It’s hard to imagine that a season dedicated to celebrating life, family, health, and happiness might have dire consequences. The truth is, however, the holidays can put a curious pet in absolute peril. While owners commonly seek to include their family pet in the festivities, ignoring the basic tenets of holiday pet safety can be sheer folly.

Setting the Scene

We love the holidays and enjoy offering tips for winter safety and how to have a pet friendly holiday. However, we also know the holidays are incredibly demanding of your time and attention, and it’s hard for a pet to compete. To get a firm handle on holiday pet safety, your pet’s needs should remain a top priority with adherence to everyday routine.

Your absence from home and the constant distraction of visitors can be highly distressing to your pet. Ensure they have their own quiet, soothing place to which they can retreat (like their crate). Also let us know if you need a reputable boarding facility or pet sitter to mitigate any possible stress for your pet.

Decking the Halls

Decorating your home is one of the perks of the season. Garland, wreaths, lights, and other items do well to elevate your seasonal space, but festive decor has the potential to endanger your pet. Please use the following cautiously or not at all:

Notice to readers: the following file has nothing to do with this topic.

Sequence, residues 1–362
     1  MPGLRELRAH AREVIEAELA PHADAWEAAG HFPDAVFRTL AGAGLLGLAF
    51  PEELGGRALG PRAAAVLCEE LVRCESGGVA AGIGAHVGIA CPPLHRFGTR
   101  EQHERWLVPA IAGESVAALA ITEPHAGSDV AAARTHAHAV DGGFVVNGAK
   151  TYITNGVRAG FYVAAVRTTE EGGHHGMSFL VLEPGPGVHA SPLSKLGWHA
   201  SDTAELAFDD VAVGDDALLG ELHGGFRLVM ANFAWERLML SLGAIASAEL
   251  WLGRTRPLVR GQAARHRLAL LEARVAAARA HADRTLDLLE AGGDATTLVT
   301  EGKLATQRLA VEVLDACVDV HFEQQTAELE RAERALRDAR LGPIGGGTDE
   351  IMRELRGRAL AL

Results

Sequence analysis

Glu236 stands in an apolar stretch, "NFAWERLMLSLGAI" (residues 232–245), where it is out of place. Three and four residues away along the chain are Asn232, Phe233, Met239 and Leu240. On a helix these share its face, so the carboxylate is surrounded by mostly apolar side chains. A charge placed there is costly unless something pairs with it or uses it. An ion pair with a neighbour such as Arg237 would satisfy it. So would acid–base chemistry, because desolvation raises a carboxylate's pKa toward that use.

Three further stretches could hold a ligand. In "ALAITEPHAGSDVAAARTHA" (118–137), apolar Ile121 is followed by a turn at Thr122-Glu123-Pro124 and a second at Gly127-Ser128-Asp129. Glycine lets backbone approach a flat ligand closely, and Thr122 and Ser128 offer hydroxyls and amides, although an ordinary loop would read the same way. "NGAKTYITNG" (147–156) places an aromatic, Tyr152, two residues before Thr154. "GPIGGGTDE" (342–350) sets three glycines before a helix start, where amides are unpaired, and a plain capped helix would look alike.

• Tinsel or popcorn string can cause painful gastrointestinal obstructions
  • Lit candles and hot oil potpourri should only be on inaccessible surfaces
  • Poinsettia, mistletoe, amaryllis, and holly are poisonous
  • Light strings are enticing to teething pets, causing electric shock
  • If left on the floor, extension cords, lights, and other electric decor can entangle your pet
  • Pine needles can perforate the GI tract – use artificial greenery or vacuum fallen needles every day
  • Snow globes may contain antifreeze so display them somewhere they cannot be knocked over
  • Presents containing food should never be stowed under the tree
  • Other Tips for Holiday Pet Safety

    We recommend microchipping your pet or updating your contact information associated with an existing chip. This reduces the risk of being separated from your pet while out and about or if he or she darts outside while you’re entertaining.

    Also keep an eye out when preparing a festive meal – and while you’re cleaning up afterwards. Trash should be taken outside throughout the process and secured in a proper bin. Lastly, your pet must avoid:

  • Chocolate
  • Xylitol
  • Fatty meat
  • Alcohol
  • Turkey bones
  • Gravy
  • Uncooked dough
  • Blink of an Eye

    The holidays seem to come and go so quickly; make sure you take time to enjoy your pet. This could mean spending a quiet night at home or having him or her accompany you to a holiday event. If socialization and training methods are at their best, both you and your pet can enjoy all the season has to offer together. A long run in the park, walk along the river, or even just extra cuddles are among the best gifts you can give your best furry pal.

    Please let us know if you have additional concerns or questions about holiday pet safety. From our family to yours, we wish you a happy, healthy holiday season!